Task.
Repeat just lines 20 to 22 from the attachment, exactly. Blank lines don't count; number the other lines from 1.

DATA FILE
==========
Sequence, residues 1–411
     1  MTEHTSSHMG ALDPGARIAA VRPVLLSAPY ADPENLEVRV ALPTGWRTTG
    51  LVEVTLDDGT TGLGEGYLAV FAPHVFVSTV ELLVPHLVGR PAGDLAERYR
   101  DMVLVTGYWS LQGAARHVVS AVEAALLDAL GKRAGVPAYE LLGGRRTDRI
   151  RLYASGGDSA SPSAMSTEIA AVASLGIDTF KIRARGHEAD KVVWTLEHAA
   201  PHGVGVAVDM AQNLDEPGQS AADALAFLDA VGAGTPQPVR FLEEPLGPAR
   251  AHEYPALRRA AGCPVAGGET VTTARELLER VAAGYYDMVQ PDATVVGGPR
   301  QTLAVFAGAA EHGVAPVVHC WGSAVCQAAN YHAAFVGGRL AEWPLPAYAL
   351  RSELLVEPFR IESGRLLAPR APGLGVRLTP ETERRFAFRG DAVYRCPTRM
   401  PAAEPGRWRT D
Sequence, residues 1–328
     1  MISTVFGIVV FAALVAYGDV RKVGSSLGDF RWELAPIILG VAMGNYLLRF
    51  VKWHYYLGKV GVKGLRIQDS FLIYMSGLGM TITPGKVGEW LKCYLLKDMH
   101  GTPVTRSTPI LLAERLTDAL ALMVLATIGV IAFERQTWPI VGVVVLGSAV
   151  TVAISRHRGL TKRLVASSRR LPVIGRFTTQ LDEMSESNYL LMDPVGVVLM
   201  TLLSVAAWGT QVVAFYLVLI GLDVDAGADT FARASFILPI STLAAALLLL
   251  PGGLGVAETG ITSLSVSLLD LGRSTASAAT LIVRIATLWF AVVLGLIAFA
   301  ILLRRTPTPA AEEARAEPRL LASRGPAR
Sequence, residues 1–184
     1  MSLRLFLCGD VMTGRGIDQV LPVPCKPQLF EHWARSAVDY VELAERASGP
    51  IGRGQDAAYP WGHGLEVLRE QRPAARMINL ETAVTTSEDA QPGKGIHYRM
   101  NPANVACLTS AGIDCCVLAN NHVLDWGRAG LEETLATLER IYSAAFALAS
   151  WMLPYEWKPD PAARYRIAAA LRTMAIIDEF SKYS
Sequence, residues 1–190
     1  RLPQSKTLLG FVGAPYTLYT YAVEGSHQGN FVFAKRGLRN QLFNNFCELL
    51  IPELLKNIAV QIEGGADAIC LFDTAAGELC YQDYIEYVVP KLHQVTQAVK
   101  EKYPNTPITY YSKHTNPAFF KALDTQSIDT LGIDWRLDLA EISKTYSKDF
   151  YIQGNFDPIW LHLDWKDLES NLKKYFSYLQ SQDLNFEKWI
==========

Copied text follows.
     1  MSLRLFLCGD VMTGRGIDQV LPVPCKPQLF EHWARSAVDY VELAERASGP
    51  IGRGQDAAYP WGHGLEVLRE QRPAARMINL ETAVTTSEDA QPGKGIHYRM
   101  NPANVACLTS AGIDCCVLAN NHVLDWGRAG LEETLATLER IYSAAFALAS